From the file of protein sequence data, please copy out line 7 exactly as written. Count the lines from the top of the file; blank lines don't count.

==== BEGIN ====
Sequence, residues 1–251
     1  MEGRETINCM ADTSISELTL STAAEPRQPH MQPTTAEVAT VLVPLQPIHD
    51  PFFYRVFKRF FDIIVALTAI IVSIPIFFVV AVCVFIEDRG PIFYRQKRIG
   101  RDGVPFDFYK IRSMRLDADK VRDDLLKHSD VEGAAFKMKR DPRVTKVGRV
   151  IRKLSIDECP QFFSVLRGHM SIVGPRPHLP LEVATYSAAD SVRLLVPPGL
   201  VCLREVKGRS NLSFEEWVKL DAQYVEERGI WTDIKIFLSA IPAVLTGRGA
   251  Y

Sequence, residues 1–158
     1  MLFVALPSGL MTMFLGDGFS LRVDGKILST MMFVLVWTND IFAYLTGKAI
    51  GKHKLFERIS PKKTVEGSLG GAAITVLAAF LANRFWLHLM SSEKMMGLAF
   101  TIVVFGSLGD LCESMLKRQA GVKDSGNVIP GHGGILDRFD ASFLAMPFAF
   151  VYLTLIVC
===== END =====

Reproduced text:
   251  Y